By Marty Mulrooney
Batman: Knightfall (Volume 1) collects Batman: Vengeance of Bane Special #1, Batman #491-500, Detective Comics #659-666, Showcase ’93 #7-8 and Batman: Shadow of the Bat #16-18. Launched by Titan Books in the UK two months prior to the release of Christopher Nolan’s The Dark Knight Rises, this collected edition gives readers the chance to discover how Bane – the only villain to have ‘broken’ the Batman – was introduced in the comics.
Batman: Knightfall (Volume 1) beings with the superb Batman: Vengeance of Bane from 1993, which introduced the character of Bane. Although this story was recently reprinted in Batman Versus Bane (also published by Titan Books in the UK), that collected edition had a highly misleading title, with the second included story, Bane of the Demon, hardly involving Batman at all.
AMO’s review of Batman Versus Bane lamented the omission of the iconic Batman #497 – where Bane breaks Batman’s back – and concluded that the two main stories felt unfinished, which “could have been easily solved with a more extensive collection.” Ladies and gentlemen, Batman: Knightfall (Volume 1) is that collection.
DC comics is re-releasing the entire Knightfall saga in three volumes in 2012. This first volume comprises the aforementioned Batman: Vengeance of Bane, along with the first two previously published trade editions, Part One: Broken Bat and Part Two: Who Rules The Night. After being introduced in Vengeance of Bane, Bane arrives in Gotham City and the real fun – over 600 pages of it – begins.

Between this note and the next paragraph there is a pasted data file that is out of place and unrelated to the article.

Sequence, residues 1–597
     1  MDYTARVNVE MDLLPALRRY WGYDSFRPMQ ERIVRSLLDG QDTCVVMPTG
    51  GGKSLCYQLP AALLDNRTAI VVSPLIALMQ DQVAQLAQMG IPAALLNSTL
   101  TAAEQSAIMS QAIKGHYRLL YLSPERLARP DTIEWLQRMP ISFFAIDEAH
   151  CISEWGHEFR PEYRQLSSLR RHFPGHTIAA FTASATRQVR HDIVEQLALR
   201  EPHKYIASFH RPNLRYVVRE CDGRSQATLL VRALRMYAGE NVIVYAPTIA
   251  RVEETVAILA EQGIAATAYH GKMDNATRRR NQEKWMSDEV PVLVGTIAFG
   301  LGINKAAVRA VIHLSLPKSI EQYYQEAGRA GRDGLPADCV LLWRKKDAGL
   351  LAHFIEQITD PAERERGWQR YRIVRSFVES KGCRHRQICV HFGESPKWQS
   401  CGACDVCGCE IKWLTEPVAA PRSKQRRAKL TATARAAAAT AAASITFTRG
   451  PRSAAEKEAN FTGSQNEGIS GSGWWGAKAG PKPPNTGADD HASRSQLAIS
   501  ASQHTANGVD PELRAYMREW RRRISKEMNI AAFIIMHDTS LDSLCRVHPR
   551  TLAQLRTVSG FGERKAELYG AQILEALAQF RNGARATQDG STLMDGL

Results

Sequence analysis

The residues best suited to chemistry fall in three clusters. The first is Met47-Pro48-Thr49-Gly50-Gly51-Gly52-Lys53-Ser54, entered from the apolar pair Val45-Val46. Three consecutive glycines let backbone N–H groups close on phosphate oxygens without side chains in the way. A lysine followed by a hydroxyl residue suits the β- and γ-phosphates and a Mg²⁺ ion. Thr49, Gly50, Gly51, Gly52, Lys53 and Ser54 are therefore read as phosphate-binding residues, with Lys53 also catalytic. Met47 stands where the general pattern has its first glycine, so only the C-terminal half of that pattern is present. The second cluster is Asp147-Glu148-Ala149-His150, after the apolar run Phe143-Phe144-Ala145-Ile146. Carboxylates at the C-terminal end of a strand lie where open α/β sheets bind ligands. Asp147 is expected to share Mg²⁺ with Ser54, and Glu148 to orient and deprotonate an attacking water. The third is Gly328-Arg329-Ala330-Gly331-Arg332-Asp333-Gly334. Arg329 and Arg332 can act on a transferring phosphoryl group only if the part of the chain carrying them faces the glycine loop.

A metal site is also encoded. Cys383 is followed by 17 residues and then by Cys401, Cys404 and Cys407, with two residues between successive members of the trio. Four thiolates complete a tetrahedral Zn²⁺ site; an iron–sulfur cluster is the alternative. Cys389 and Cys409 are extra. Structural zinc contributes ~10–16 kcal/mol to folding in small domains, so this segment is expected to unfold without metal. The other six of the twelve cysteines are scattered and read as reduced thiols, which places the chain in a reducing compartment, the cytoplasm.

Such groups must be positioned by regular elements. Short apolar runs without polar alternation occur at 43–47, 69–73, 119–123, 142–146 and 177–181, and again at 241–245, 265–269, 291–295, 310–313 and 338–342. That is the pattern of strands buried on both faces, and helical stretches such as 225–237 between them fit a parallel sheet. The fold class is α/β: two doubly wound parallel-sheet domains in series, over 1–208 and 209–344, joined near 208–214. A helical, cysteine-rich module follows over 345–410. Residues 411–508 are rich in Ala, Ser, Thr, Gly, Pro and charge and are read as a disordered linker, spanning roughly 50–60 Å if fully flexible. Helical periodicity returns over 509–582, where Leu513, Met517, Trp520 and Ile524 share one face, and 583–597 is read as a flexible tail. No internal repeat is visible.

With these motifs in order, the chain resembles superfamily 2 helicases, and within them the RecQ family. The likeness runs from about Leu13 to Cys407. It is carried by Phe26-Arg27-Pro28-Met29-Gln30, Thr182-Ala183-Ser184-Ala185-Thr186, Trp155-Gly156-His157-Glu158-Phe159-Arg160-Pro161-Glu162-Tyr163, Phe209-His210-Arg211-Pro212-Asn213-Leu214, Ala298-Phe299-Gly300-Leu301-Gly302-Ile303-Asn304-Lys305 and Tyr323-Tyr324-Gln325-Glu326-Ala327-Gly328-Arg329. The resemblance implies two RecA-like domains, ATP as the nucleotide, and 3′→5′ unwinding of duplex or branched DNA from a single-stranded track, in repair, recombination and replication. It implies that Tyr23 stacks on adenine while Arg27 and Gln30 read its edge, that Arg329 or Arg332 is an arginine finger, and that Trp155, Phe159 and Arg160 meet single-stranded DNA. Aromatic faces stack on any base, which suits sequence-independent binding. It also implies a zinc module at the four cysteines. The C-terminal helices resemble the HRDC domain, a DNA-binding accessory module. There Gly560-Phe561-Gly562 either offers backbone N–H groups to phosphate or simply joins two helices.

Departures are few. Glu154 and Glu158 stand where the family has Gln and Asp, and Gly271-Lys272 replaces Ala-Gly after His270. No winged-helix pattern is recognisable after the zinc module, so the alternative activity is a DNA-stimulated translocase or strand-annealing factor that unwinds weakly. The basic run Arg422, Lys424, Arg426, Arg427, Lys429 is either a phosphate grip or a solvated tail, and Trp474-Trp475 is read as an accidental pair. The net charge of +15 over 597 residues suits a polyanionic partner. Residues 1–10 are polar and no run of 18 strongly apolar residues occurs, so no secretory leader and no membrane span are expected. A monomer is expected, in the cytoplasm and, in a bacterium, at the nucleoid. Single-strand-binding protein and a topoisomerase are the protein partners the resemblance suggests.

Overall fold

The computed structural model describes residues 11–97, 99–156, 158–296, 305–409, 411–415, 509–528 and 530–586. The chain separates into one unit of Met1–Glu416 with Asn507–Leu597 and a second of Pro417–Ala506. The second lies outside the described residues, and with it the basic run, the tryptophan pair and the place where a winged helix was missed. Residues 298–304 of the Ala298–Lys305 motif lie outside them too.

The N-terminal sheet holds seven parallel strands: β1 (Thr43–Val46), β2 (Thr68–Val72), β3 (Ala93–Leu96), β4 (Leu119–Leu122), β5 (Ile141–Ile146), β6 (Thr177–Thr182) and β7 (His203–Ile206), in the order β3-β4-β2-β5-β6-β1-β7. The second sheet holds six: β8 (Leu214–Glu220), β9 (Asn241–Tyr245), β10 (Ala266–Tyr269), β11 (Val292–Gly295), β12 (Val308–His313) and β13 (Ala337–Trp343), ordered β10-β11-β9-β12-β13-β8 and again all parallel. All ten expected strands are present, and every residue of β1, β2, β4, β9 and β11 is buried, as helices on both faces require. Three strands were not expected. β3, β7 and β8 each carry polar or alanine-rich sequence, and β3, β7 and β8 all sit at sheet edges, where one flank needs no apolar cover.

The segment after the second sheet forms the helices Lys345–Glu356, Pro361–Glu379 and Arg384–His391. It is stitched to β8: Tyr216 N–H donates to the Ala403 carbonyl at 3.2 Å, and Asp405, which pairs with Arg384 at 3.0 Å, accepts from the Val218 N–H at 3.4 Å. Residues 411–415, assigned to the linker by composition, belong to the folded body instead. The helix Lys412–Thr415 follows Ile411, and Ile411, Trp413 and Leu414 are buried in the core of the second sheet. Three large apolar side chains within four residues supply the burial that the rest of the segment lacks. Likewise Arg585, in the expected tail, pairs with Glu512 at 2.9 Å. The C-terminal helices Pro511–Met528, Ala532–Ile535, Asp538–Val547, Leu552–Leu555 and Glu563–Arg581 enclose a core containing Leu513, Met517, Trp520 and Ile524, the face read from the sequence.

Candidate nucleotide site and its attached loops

Batman’s greatest enemies are busted out of Arkham Asylum by Bane and he must face them all at once. The Joker, the Scarecrow and Two-Face all make memorable appearances, along with less well-known villains such as Mad Hatter, the Ventriloquist and Firefly. One by one Batman must tackle the escaped inmates, but each time his strength is sapped just a little bit more. Making matters worse, he often won’t accept the help of his sidekick Robin.
Those who have seen The Dark Knight Rises – or indeed glanced at the front cover of Batman: Knightfall (Volume 1) – will know that when Batman eventually does face Bane, he is so weak and exhausted that his physically superior opponent, the venom drug coursing through his veins, proceeds to break Batman’s back.
The most interesting aspect of Batman: Knightfall (Volume 1) is that, unlike the film, this shocking moment has long-lasting repercussions. As a result, Batman spends the majority of the second half of this collected edition in a wheelchair. Bruce Wayne later asks Jean-Paul Valley (Azrael) to take up the mantle of Batman. However, the result is the darkest knight imaginable. Despite Robin’s best efforts, Jean-Paul is a Batman that not only rules criminals through fear, but violence. It’s utterly gripping to watch a new Batman taking entirely the wrong approach while Bruce Wayne struggles to regain his mobility.
Batman: Knightfall (Volume 1) lacks the re-readability and charm of a one-shot graphic novel such as The Killing Joke. It’s drawn with style, although the colouring can seem a little bit garish at times, a fairly common complaint – for some readers at least – when looking back at comics from the 1990s. However, all of these elements come together to create a comic collection of its time – the strong writing mixed with the pulpy visuals make reading through this epic blockbuster a real pleasure. It isn’t particularly elegant, but as a slice of Batman comic book history – and as an introduction to the character of Bane – it’s essential.
9 OUT OF 10
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GAME REVIEW – Batman: Arkham City (PlayStation 3)
BOOK REVIEW – Batman: Arkham City by Paul Dini and Carlos D’Anda (Graphic Novel)
BOOK REVIEW – Batman Versus Bane by Chuck Dixon and Graham Nolan (Graphic Novel)
FILM REVIEW – The Dark Knight Rises (IMAX)